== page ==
The aortic valve in vertebrate hearts allows the tissue to expand under high pressures by having elastic properties.

“THE human aortic valve consists of three cusps made of relatively inelastic, muscle-free material about 0.15 mm thick. It opens and shuts about once a second, and withstands a pressure difference of 100 mm of mercury when closed. It usually functions for 70 yr without failure, and works so efficiently that very little blood is regurgitated at each pulse. In order to support this large pressure difference, the cusps must close simultaneously in all operating conditions and should not touch the wall of the aorta, for considerable reversed flow would then be required to close the valve. This action suggests a fluid dynamic control mechanism which positions the cusps away from the wall of the aorta, so that the slightest reversed flow will close the valve.” (Bellhouse and Bellhouse 1968:86)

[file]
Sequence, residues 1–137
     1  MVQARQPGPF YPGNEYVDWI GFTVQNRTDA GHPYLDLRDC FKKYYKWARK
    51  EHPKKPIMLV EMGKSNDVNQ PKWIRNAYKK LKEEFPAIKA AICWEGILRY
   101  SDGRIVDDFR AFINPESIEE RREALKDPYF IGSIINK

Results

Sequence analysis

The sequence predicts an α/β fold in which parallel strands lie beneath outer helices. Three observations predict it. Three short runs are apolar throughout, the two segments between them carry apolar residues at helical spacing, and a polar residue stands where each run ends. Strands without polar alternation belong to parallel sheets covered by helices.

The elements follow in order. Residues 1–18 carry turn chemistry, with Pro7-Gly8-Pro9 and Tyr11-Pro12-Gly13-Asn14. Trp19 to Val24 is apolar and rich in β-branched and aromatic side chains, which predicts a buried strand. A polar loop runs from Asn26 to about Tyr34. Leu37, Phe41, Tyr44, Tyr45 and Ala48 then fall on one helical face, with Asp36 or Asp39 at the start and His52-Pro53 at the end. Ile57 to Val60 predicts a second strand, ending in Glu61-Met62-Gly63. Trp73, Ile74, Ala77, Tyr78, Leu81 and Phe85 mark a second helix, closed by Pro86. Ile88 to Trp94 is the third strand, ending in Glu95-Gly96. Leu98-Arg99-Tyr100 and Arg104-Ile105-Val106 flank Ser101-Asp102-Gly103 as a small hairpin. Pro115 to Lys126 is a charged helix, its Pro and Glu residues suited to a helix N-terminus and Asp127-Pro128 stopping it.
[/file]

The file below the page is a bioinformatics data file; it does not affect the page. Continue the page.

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Last Updated August 18, 2016